UDRP: Reverse Domain Name Hijacking


A UDRP was filed at the World Intellectual Property Organization against the seemingly generic domain name. The decision was published this morning, and the three member panel ruled in favor of the domain registrant. In addition, the panel found that this was a case of Reverse Domain Name Hijacking (RDNH).

As an observer, it seems pretty clear to me that Cassandra is a women’s name and is generic considering how many people there are named Cassandra. As a domain name, a first name .com domain name like holds considerable value, and the registrant shared a couple of public first name .com domain name sales to support this. In the discussion section of the UDRP, the panel offers some good language for domain investors who own first name domain names like this one:

“The Panel accepts that, where a party legitimately registers a domain name comprising commonplace or dictionary elements for sale, without intent to target the trademark of an existing trademark owner, then that offer for sale can give rise to rights or legitimate interests in the domain name as a bona fide offering of goods or services for the purposes of paragraph 4(c)(i) of the Policy (see e.g. Allocation Network GmbH v. Steve Gregory, WIPO Case No. D2000-0016; and Voys B.V., Voys United B.V. v. Thomas Zou, WIPO Case No. D2017-2136). The Panel finds that the same considerations are applicable to the registration of a personal first name. The question in this case, therefore, is whether the Respondent registered the disputed domain name in the knowledge of the Complainant’s trademark and with the intention of taking unfair advantage of the goodwill attaching to that trademark, or legitimately in the circumstances described above.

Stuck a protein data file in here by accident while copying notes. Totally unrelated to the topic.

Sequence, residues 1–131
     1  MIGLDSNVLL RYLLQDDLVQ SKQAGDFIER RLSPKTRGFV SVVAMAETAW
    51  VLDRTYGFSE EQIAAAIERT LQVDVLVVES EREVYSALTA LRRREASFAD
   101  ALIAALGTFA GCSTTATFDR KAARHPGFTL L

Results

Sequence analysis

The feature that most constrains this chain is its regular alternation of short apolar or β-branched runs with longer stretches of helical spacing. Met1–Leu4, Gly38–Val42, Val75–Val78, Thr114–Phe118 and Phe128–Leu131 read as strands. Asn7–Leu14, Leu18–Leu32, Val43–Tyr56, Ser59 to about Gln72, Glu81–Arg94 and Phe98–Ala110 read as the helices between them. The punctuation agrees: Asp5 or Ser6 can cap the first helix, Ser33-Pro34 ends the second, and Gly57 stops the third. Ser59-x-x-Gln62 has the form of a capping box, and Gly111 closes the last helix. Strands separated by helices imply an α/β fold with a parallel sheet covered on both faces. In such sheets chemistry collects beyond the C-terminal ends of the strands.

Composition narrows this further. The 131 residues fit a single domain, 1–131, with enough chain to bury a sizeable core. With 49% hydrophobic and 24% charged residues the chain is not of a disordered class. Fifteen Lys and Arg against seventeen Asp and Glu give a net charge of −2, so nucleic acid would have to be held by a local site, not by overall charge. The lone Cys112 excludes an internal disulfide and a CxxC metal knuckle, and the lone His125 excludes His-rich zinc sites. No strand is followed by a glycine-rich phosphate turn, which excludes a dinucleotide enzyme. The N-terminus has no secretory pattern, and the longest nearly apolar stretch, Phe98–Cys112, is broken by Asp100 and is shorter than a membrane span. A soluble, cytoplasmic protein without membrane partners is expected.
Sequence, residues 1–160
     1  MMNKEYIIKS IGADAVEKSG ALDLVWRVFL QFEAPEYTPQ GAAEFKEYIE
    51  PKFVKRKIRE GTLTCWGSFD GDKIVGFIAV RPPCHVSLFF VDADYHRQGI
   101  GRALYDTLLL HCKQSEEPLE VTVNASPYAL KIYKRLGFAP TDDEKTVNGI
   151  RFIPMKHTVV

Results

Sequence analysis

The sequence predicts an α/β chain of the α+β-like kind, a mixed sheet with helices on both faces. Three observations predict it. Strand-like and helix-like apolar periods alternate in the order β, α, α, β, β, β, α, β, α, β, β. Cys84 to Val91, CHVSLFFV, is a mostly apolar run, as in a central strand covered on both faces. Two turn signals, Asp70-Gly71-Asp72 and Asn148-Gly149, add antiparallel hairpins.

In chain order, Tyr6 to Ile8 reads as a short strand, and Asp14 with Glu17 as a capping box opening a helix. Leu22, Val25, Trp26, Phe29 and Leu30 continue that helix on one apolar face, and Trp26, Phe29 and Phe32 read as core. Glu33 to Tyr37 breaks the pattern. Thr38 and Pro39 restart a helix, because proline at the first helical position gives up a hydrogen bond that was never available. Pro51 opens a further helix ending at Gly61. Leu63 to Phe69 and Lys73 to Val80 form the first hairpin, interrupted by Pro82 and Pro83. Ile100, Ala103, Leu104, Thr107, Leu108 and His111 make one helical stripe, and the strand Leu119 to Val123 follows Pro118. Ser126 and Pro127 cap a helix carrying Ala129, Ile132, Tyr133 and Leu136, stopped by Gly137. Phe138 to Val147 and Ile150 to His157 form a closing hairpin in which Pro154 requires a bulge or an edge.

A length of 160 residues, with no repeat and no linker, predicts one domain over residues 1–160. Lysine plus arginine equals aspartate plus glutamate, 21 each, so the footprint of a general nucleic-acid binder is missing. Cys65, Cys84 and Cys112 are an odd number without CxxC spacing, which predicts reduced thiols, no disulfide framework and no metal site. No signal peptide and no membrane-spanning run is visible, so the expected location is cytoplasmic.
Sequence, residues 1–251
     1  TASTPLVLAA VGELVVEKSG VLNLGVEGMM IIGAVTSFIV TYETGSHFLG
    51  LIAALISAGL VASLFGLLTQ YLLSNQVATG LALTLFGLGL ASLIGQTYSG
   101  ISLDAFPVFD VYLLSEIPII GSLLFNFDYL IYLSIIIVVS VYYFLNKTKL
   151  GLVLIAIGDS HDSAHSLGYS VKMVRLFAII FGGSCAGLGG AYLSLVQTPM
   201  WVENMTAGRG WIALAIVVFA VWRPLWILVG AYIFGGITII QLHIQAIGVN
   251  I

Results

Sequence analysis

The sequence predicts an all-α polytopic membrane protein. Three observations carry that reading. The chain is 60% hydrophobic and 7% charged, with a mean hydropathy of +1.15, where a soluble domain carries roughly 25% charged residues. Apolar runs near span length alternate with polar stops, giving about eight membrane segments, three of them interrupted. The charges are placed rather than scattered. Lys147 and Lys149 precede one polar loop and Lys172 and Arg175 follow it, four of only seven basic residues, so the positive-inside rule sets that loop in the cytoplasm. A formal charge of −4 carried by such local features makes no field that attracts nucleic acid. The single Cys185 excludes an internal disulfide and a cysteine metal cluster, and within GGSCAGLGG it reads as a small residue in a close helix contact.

Based on the parties’ submissions in this case, the Panel can find no evidence upon which to conclude that the Respondent was aware of the Complainant’s United States trademark THE CASSANDRA REPORT at the date it registered the disputed domain name, or that it registered the disputed domain name with the intention of taking unfair advantage of that trademark.”

In the discussion about RDNH, the panel seems to have felt that the complainant brought the UDRP complaint as a means of getting the domain name for less than it is worth. According to the decision, the complainant offered a measly $2,500 to try and buy The RDNH discussion had some good language for domain investors and the asking prices of their domain names ($200,000 in the case of

“In the view of the Panel, the Complainant has disclosed no reasonable grounds for believing that the Respondent registered the disputed domain name with the Complainant or its trademark THE CASSANDRA REPORT in mind or with the intention of taking unfair advantage of the Complainant’s trademark. Nor, for the reasons set out above, has it disclosed reasonable grounds for believing that the Respondent has used the disputed domain name in bad faith. On the contrary, the Panel infers on balance that the Complainant commenced the current proceeding in the hope of acquiring the disputed domain name without paying the full price legitimately demanded by the Respondent for the sale of the disputed domain name. Noting also that the Complainant is legally represented in this proceeding, the Panel finds that that the Complaint was brought in bad faith and constitutes an abuse of the administrative proceeding.”

If the goal of the UDRP filing was to get for less than the domain name is worth, that plan backfired. The price likely increased (if the registrant would even consider selling it to the complainant) because there is a substantial cost to a UDRP defense and the UDRP panel backed the registrant’s right to have this domain name.

The UDRP was defended by Zak Muscovitch of Muscovitch Law.


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